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UL Crisis: The President’s intervention requires practical financial steps

The University of Liberia or UL – the nation’s highest public institution of learning opens its doors anytime this month to thousands of students for this academic year.

Accompanying the planned commencement of classes as announced by the UL Administration were threats of “resistance and disruption” by some students led by the University of Liberia Students Union or ULSU. The threats by the group of students were against the backdrop of the UL Administration’s decision to increase fees per credit from L$175.00 to US$5.00, as well as transportation fares from L$30.00 to L$100.00.

Authority ties of the university attributed their decision to the drastic reduction of the school’s budget by the Government of Liberia from US$28m to US$13m – a justification rejected by the students, owing to what they referred to as the continuous ‘poor learning environment’.

But the intensity of the row between the two may have last week attracted the attention and visit of the Visitor to the University, President Ellen Johnson-Sirleaf to the campus on Capitol Hill in a bid to reduce the tension. An urgent meeting, hosted by the ‘Visitor’, then ensued at her Foreign Ministry Office between her and the two – the students and administration for a common ground.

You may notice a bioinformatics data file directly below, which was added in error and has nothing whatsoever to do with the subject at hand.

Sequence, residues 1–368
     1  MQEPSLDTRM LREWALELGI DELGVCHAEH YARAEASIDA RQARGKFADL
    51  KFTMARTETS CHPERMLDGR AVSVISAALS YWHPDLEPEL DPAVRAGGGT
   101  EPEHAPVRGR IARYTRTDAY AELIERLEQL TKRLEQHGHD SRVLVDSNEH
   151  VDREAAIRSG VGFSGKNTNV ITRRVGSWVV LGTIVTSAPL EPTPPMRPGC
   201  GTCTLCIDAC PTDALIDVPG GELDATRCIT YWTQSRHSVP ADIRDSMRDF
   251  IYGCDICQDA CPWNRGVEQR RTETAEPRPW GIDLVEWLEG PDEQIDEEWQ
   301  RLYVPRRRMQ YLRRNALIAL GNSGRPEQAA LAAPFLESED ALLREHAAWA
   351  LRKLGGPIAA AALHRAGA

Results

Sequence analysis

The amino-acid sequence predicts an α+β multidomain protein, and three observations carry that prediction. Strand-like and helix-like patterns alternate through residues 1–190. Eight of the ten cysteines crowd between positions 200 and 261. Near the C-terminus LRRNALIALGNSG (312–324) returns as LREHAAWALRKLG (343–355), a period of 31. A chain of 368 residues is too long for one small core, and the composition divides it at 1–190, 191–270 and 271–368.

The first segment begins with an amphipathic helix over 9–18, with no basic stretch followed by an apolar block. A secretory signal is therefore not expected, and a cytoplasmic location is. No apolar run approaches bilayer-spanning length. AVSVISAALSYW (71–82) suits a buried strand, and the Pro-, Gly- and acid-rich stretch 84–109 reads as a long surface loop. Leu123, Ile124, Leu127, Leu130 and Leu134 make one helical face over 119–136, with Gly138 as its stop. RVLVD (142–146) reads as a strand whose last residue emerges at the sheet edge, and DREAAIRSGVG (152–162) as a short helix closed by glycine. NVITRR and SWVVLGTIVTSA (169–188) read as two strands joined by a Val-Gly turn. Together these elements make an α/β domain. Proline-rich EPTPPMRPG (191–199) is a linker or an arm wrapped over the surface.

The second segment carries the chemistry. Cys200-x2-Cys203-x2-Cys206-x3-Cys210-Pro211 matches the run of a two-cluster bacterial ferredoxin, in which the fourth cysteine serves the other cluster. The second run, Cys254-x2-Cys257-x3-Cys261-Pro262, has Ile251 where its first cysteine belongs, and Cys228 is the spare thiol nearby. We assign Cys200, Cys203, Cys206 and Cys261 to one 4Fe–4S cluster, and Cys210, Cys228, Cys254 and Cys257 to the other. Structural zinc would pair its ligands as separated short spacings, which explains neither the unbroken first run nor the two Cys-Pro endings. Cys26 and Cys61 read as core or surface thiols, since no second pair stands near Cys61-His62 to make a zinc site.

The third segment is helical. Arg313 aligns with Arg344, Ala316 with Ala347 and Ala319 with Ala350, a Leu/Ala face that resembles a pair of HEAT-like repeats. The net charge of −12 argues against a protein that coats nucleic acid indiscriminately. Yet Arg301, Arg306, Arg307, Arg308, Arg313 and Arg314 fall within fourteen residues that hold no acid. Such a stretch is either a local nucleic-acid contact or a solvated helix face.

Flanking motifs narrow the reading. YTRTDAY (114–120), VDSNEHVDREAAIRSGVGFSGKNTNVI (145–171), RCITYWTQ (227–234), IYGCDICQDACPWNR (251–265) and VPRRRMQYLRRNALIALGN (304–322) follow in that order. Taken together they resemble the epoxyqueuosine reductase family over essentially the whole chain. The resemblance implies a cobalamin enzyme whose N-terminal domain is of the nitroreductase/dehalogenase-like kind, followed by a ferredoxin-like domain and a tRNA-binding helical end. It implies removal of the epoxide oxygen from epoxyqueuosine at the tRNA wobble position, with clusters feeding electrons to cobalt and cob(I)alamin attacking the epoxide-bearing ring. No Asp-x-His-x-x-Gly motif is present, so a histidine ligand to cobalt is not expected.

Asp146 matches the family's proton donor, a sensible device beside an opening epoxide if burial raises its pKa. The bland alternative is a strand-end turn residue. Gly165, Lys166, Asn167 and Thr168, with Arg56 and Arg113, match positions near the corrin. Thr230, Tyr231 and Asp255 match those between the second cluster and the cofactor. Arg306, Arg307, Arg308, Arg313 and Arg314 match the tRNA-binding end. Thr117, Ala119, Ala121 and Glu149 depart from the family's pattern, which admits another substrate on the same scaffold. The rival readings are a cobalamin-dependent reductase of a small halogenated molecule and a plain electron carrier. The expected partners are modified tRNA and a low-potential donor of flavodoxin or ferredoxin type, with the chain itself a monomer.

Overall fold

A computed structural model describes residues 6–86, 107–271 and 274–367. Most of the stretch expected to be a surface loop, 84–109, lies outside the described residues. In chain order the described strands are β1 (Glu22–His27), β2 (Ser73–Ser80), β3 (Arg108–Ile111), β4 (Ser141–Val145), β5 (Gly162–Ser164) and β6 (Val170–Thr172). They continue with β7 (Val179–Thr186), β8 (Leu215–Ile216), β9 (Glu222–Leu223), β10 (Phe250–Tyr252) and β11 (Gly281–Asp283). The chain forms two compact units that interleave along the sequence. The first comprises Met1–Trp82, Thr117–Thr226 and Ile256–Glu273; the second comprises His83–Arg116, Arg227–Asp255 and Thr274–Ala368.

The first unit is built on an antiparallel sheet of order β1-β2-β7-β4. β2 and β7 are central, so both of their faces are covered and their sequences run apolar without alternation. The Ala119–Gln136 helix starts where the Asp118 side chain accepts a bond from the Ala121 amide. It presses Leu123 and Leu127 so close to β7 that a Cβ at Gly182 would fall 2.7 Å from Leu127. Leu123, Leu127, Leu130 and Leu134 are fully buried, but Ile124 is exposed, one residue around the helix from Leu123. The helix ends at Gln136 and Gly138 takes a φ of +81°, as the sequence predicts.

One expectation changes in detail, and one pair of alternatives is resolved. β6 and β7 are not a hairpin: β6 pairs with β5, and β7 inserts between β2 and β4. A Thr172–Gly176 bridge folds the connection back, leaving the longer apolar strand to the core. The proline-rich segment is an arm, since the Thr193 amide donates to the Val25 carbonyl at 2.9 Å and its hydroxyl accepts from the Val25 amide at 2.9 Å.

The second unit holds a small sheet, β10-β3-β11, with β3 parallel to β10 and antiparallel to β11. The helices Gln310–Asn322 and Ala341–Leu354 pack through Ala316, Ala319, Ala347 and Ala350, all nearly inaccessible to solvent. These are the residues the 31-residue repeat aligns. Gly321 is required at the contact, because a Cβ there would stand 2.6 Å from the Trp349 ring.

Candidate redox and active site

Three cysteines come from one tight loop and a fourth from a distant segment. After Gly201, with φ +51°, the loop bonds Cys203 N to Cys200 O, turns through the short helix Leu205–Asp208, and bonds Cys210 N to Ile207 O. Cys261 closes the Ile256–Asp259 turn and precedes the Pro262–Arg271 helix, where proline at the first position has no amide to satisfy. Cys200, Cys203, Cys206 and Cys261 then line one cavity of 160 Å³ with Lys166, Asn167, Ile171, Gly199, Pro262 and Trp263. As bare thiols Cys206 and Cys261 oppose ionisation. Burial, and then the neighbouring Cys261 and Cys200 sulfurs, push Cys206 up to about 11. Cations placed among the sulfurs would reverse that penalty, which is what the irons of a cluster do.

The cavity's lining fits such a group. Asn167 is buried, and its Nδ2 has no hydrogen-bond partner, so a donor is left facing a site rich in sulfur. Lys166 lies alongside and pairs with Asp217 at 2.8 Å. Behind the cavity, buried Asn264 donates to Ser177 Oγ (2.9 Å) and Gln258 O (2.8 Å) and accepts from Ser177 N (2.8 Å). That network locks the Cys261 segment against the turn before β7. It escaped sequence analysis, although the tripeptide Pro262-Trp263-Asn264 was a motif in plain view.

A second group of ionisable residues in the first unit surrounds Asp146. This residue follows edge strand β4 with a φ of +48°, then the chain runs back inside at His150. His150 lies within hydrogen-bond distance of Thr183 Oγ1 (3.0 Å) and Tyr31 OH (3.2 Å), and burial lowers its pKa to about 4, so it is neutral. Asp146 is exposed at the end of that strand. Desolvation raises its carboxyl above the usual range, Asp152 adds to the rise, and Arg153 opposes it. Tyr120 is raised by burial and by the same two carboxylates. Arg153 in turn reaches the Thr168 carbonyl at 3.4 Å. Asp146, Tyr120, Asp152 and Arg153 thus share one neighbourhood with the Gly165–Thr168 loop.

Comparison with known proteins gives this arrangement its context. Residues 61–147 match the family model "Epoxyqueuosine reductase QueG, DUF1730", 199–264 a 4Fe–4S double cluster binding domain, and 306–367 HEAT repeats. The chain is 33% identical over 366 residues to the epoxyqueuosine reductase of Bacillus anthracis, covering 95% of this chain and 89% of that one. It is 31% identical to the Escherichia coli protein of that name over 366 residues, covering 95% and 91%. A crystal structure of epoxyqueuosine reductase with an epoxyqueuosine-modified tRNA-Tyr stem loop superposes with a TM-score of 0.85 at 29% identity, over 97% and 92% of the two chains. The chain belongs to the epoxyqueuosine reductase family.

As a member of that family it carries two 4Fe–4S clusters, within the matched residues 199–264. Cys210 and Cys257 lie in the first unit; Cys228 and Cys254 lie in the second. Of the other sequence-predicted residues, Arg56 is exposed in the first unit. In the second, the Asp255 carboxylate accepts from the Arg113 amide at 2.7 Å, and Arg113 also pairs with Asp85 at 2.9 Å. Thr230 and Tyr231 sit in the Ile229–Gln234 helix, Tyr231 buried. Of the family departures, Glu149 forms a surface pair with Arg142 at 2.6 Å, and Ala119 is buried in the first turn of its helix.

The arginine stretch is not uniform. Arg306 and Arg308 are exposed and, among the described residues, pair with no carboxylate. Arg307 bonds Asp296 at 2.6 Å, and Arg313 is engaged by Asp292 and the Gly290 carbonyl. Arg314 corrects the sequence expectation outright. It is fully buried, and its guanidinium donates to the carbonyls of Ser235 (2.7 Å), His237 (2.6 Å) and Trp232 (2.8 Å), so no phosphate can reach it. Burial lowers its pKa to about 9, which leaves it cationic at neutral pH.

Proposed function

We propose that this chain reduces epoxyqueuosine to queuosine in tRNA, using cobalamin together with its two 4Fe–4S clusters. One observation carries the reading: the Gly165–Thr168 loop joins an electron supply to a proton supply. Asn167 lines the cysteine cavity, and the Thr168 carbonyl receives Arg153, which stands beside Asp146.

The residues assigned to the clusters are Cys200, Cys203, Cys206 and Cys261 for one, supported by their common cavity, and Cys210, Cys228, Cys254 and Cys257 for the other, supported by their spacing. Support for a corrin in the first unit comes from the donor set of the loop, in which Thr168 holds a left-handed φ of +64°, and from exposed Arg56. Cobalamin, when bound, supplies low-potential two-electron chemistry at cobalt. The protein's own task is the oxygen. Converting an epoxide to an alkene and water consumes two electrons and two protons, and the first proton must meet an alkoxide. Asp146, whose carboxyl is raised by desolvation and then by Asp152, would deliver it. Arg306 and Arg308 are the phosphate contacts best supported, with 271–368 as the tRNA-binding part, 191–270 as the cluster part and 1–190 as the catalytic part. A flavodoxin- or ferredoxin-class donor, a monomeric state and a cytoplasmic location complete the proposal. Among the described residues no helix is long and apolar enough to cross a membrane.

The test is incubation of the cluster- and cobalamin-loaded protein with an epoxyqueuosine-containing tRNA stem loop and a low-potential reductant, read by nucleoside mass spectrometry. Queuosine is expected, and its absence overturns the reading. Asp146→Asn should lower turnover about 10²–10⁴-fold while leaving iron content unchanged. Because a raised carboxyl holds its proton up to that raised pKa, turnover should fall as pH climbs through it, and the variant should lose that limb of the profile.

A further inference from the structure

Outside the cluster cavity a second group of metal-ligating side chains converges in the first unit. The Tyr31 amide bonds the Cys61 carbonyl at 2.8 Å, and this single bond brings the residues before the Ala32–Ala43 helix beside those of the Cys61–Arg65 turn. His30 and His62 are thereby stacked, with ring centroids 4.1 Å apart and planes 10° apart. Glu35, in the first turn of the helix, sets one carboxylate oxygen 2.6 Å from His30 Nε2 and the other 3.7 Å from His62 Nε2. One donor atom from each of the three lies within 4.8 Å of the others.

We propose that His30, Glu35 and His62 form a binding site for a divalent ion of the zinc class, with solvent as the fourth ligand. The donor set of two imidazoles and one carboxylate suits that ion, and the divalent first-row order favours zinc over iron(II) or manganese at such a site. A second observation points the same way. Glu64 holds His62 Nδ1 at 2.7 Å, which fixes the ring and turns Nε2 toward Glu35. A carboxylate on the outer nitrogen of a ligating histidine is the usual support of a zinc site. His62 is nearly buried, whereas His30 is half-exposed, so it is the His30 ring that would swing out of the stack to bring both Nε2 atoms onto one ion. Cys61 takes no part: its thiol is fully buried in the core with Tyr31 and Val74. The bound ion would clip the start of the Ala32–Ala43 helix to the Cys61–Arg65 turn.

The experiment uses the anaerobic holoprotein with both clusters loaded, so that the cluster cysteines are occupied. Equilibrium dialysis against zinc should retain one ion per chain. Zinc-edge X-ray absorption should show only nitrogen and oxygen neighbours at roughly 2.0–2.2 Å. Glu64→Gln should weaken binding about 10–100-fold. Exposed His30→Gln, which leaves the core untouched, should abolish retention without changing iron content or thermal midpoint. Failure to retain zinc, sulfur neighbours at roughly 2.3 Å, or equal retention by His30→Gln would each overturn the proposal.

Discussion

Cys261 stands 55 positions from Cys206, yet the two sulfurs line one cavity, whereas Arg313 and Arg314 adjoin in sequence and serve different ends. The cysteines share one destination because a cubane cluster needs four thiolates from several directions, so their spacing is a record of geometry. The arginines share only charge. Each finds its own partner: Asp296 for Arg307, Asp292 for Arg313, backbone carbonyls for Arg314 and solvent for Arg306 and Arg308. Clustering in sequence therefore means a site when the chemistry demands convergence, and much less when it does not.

While the outcome of the meeting is yet to be revealed, we hope the US$28m-budget of the university will be revisited (even though the budget is already passed into law) for an acceptable readjustment. In the interest of the general student populace. Even though the university may be receiving some funding from external sources as we may all think, the tasks at hands are very enormous at the UL so much so that whatever funding we think may be coming from external sources may not be positively impacting the general learning environment.

It is truly unfair for public academic institutions, including the UL to continuously be financially denigrated to the disadvantage of the  UL administration and student community,  other public institutions, including the Legislature continue to immensely benefit from budgetary increment without any positive impact.

It is also disgusting and frustrating that officials of government who passed through the walls of the University of Liberia would chose to now ignore the relevance of the university by deliberately failing to support its growth and development –  a saddened situation that must attract the attention of all well-meaning family members of the University of Liberia.

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Though belated, the Visitor’s intervention on Monday, September 7, 2015 still worth commendation, and that we can only hope that  some good will come from “Nazareth” as we anxiously for the outcome of her intervention.  In view of the foregoing, we appeal to the conscience and sympathy of President Ellen Johnson-Sirleaf – the Visitor to the University, to make practical her intervention through any financial means to augment the financial capacity of the university.

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